Bryan Cranston’s favourite ‘Breaking Bad’ scene
(Credit: Netflix)

Must Watch Series

Bryan Cranston's favourite 'Breaking Bad' scene

Many were first introduced to Bryan Cranston as the affable father from Malcolm in the Middle, but his iconic portrayal of Walter White in Breaking Bad will undoubtedly be the role that defines his career.

The show, which aired from 2008 to 2013, saw Walter White’s descent into the drug trade and slow but chilling transformation into the ruthless meth baron Heisenberg.

With a series filled with dramatic highs and lows, it’s hard for any fan to single out a specific favourite moment – let alone the star. From the first successful batch of drugs cooked to the death of several prominent characters, it’s difficult to know where to begin. Yet, Cranston has a favourite – and he’s revealed that ‘Dead Freight’ (Episode five, Series five) holds a scene he cherishes most.

“All these things had to go right — and everything went right! It was fantastic,” he recalled to Entertainment Weekly. For those familiar with the episode, he’s talking about the characters’ euphoric celebration following a high-stakes train heist. But, as is so often the case with Breaking Bad, euphoria quickly gives way to horror.

Cranston continues, “I remember the characters celebrating euphorically in pulling off the train heist of the century. And a moment later, an innocent life is snuffed out when that kid on the motorcycle just shows up. He’s just there.”

‘Dead Freight’ stands out in the annals of Breaking Bad for its sheer unpredictability. The episode’s plot doesn’t initially indicate it would be a mental gauntlet for viewers. A high-stakes methylamine train heist takes centre stage, seemingly concluding with success for White and Jesse Pinkman. As legendary actor and Breaking Bad fan Anthony Hopkins said, “From what started as a black comedy, descended into a labyrinth of blood, destruction and hell.”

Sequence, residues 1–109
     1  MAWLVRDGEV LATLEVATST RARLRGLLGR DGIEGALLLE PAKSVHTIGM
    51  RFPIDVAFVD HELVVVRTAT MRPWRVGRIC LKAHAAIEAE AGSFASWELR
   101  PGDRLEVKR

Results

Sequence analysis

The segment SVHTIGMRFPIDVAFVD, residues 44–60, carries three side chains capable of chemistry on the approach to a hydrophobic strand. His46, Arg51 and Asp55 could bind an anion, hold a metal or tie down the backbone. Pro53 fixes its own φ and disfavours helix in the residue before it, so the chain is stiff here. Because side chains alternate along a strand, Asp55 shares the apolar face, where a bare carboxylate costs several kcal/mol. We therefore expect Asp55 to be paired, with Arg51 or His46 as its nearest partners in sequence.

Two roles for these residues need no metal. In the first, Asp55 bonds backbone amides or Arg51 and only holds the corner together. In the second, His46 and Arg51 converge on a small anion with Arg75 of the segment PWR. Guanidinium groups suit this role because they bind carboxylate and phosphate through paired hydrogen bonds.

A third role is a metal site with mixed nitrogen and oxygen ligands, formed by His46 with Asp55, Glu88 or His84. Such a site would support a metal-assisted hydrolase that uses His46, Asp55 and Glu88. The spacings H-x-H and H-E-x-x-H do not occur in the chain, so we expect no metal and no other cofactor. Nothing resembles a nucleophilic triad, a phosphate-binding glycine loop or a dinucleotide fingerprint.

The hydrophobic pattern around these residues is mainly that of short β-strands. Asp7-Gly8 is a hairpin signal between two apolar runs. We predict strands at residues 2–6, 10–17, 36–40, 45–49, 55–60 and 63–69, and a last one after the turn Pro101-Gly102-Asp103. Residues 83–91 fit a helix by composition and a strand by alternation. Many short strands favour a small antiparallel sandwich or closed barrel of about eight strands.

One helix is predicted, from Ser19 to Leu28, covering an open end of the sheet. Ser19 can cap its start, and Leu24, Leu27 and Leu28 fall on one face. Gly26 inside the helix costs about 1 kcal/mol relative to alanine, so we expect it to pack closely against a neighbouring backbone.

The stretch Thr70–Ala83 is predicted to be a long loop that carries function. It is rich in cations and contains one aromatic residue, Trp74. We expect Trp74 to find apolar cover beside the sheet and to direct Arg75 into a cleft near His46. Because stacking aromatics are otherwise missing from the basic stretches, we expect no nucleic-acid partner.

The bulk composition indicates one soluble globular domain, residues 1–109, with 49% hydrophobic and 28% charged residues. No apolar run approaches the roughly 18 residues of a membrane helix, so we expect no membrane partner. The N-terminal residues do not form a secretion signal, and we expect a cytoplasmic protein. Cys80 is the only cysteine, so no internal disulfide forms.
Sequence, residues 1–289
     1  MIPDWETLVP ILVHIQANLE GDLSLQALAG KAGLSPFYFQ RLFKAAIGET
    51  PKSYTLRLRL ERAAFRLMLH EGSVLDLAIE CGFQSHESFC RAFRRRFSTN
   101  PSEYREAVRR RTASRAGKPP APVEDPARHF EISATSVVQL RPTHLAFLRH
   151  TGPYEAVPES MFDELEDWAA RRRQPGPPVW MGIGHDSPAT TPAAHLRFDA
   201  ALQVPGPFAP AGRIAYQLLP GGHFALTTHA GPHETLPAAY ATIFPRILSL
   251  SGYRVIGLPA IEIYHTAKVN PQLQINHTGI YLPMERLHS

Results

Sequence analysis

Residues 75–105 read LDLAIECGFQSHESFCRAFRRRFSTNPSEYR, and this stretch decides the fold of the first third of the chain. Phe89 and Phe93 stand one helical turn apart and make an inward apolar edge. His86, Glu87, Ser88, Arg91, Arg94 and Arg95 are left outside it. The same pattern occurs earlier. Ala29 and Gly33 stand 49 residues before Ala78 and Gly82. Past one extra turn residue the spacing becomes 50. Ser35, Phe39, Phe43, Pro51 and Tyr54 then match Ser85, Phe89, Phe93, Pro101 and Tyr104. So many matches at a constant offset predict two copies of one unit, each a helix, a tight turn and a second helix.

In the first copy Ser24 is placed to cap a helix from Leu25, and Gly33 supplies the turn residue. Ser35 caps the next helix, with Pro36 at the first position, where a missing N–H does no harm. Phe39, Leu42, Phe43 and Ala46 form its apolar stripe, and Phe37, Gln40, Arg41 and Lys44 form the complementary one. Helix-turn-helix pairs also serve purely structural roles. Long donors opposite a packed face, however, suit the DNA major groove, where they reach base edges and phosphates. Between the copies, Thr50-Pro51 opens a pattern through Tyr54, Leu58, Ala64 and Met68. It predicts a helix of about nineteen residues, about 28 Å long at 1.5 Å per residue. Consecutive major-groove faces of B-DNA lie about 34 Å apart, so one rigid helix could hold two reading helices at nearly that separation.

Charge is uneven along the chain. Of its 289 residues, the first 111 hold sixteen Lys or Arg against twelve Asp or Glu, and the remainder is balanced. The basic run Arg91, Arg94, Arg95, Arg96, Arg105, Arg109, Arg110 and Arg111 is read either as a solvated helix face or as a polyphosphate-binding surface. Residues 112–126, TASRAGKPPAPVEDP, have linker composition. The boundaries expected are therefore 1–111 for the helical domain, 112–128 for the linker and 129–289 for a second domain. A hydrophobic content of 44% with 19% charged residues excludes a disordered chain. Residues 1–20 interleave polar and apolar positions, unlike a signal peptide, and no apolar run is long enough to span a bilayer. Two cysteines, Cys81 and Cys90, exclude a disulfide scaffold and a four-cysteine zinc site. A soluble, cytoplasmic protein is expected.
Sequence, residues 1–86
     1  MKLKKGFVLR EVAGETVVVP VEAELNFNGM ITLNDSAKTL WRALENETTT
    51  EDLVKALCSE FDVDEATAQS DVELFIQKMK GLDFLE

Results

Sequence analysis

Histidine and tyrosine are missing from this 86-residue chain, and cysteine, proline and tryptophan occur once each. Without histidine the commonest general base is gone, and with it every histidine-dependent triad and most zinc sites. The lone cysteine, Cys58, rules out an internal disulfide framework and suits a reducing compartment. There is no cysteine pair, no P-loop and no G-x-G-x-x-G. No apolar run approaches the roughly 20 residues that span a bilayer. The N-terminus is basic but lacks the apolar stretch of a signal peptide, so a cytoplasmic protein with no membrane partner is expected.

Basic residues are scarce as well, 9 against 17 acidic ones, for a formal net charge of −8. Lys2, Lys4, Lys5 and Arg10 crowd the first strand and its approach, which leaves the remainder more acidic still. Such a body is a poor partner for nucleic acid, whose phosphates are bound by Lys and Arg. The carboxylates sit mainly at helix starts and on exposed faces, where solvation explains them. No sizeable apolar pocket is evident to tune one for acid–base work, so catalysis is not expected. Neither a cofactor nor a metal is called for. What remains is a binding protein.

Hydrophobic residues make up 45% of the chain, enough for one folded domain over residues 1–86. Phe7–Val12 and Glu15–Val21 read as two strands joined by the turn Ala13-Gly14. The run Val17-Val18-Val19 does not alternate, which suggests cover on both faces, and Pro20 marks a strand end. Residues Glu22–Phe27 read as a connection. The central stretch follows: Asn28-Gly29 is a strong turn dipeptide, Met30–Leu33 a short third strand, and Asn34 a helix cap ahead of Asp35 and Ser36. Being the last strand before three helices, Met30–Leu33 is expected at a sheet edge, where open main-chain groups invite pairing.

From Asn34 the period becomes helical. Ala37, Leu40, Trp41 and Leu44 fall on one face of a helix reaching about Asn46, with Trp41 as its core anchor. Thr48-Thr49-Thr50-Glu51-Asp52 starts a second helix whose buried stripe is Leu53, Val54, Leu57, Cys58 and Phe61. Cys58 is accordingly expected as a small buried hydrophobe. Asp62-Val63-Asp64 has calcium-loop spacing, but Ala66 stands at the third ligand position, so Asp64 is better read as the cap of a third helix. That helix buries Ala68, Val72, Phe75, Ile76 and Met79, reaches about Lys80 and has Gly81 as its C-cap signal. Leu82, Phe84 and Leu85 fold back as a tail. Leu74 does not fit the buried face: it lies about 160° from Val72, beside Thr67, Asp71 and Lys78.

Yet, a hideous twist lurks in the final moments. “And as Jesse and Walt are trying to figure out, ‘Oh shit, what do we do?’ Jesse Plemons’ character just raises a gun and shoots him,” Cranston adds, describing the shocking turn of events. “And it was like, ‘Oh my God!’ It was such a beautifully constructed narrative.”

Breaking Bad has never been a stranger to dark and challenging narratives. It constantly pushed its characters, and by extension, its audience, into morally grey and often black territories. ‘Dead Freight’ is a potent example, juxtaposing the thrill of a successful heist with the abrupt killing of an innocent child. Cranston reflects on the broader implications of such a scene, stating, “Okay, you want to experience the highs with Walter White?”

“You want to be on that train ride with Jesse Pinkman? Here’s that rejoicing for you, the audience. And now here’s the repercussions from the business that they’re in. Here’s what happens when you forget that there’s morality connected and consequences to every action. It was just so amazing.”